Despite the Christmas break, economic developments skew major currencies
Today's news headlines:
- ‘Dollar ends strongest year since 2015 on defensive note’. US-China trade deal optimism sees Greenback decline. (Reuters)
- ‘Brexit “bad or awful” for UK economy in 2019, say economists’. Forecasting for growth seen as impossible given the uncertainty. (Financial Times)
- ‘Democrats hatch plan to end shutdown and corner Trump’. Protracted government closure can impact the macroeconomic outlook if delayed payments hit consumer confidence. (Financial Times)
- 'Chinese manufacturing had an even worse December than expected, more data show’. Factory activity falls below the break-even 50.0 mark for the first time in 19 months. (CNBC)
Markets may have been relatively muted over the last week or so owing to the Christmas and New Year holidays, but a small number of significant news statements combined with thinner trading volumes have resulted in some meaningful jumps for major currency pairs. Optimism over US trade talks with China has fuelled risk-on sentiment, eroding the US Dollar’s safe-haven allure, at least for now. Concern over the ongoing US government shut down, plus the Democrats looming majority in the House of Representatives also presents both political and economic risk in the USA, serving up a fresh layer of weakness for the Buck. Finally, renewed speculation that Brexit may be pushed back is lending a little support to Sterling, although it’s worth noting that the upside is emerging off the back of thin trading conditions. As markets normalise in the next few days, reversals could be seen.
The Eurozone Manufacturing Purchasing Managers’ Index (PMI) kicks off the day at 9am GMT, and this reading is forecast to remain static against the preview number reported last month. However, the trend here is notably downwards, so any shortfall could reignite concerns over the Eurozone sliding into recession. With the European Central Bank (ECB) having concluded its asset purchase scheme, any concern that Mario Draghi and his team are attempting to normalise monetary policy too quickly could end up undermining some of the recent gains made by the common currency.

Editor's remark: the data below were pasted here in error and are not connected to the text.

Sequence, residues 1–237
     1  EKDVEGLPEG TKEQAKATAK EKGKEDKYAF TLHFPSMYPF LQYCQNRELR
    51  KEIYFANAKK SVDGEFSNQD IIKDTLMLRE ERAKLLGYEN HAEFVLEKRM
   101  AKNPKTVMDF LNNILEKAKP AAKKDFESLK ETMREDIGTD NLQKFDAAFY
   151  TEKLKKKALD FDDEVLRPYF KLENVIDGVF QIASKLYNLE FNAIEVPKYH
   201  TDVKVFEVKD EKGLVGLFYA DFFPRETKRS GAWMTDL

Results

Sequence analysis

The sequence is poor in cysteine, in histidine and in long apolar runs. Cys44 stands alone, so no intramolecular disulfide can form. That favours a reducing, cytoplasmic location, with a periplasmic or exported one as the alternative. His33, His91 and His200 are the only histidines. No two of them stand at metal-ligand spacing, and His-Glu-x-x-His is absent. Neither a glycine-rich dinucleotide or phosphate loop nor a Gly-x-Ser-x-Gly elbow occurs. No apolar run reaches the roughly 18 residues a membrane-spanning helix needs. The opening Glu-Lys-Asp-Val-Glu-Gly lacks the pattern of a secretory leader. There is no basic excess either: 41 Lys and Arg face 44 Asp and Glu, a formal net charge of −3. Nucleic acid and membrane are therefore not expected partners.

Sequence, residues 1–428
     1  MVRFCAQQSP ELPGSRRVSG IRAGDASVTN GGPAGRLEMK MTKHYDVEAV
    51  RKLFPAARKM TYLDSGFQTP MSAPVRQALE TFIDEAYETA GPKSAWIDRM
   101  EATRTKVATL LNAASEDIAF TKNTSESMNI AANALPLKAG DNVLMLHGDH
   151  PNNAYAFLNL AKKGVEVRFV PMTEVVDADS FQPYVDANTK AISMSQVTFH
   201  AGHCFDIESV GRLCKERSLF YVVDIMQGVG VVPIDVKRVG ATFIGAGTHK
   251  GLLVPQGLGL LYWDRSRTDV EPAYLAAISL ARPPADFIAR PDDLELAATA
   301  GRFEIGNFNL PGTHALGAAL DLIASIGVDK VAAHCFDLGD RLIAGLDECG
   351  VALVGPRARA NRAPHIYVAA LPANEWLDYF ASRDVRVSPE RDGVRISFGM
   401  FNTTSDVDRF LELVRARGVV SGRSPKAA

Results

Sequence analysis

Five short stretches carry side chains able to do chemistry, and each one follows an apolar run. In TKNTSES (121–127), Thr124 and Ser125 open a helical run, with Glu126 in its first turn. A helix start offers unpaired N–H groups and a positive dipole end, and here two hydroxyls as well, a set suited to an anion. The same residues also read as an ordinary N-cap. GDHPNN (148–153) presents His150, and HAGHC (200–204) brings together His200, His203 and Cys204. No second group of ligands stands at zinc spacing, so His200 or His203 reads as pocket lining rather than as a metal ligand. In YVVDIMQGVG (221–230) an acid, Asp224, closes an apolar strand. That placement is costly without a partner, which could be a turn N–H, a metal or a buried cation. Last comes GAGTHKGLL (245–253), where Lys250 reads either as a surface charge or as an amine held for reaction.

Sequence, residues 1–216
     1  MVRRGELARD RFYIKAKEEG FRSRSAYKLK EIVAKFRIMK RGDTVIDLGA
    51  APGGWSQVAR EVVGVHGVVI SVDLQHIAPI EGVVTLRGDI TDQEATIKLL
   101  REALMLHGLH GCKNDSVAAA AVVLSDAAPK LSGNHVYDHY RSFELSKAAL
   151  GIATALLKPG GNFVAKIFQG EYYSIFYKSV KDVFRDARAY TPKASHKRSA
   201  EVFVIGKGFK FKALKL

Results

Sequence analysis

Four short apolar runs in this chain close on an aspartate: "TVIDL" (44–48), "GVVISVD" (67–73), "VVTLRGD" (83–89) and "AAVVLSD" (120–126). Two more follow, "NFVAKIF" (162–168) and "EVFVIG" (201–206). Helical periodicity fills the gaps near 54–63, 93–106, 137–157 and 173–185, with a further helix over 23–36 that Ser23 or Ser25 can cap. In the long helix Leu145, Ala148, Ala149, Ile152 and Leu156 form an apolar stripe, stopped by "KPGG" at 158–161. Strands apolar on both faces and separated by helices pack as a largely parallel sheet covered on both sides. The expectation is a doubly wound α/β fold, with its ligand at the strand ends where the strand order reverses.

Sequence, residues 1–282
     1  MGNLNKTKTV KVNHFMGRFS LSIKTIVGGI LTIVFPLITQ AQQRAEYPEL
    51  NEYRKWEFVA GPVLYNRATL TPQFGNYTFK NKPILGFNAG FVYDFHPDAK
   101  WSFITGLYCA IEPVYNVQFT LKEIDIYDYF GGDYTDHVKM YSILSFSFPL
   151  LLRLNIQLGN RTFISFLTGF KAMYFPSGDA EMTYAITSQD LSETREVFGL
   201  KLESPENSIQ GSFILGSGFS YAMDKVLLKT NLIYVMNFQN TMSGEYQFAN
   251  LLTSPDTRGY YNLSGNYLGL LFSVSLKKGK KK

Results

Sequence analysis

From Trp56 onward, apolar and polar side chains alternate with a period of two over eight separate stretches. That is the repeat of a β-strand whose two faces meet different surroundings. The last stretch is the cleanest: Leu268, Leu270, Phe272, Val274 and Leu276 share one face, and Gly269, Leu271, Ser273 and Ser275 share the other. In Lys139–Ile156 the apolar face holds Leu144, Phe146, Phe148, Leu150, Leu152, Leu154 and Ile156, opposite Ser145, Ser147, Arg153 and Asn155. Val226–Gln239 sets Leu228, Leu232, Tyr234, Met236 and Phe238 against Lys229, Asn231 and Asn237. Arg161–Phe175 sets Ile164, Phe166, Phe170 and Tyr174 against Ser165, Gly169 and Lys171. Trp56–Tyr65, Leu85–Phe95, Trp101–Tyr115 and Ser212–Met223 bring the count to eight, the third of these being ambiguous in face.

The UK Manufacturing PMI for December is due for release at 9.30am GMT. Market expectations are for a slower rate of growth to be posted, although the print is still forecast to come in well above the break-even 50.0 mark. By all accounts, it’s the political, rather than the economic, agenda that stands to deliver the greater influence for Sterling in the near-term as markets await the return of politicians from the Christmas break and the pivotal vote on the Brexit proposals which will be held during the week commencing January 14th.
The US Manufacturing PMI is also scheduled for publication, with the private Markit reading due at 2.45pm. Again, the number is expected to illustrate contraction in the pace of growth, although remain comfortably above the break-even level. However, this could provide fresh ammunition for US President Donald Trump as he looks to criticise the Federal Reserve’s hawkish stance over monetary policy, and could also deliver a useful distraction ahead of Thursday’s potentially volatile session in Washington. With Democrats set to be exerting a majority in Congress from later this week and Donald Trump needing concessions to re-open the government, the opposition party could be looking at some very early political gains. Failure for the President to dial down the broader political rhetoric could increase talk of impeachment and in turn, serve to undermine the Dollar.
Cable has drifted a little higher from pre-Christmas lows, helped along by growing risk appetite emerging from the US. However, the Pound remains close to 18-month lows against the Dollar, and the potential for political risk in the UK leaves Sterling exposed on the downside.
The Euro has posted significant gains over the US Dollar since Christmas, although some heightened levels of volatility have also been in play. Risk is arguably on the downside here in the wake of the ECB’s commitment to tightening monetary policy in tandem with global economic trade woes.
Significant volatility has been seen for the Pound against the Euro in recent days. This could take some time to resolve as economic data remains light and some market participants may not return until next week, although Brexit and its accompanying political risk puts Sterling on the back foot.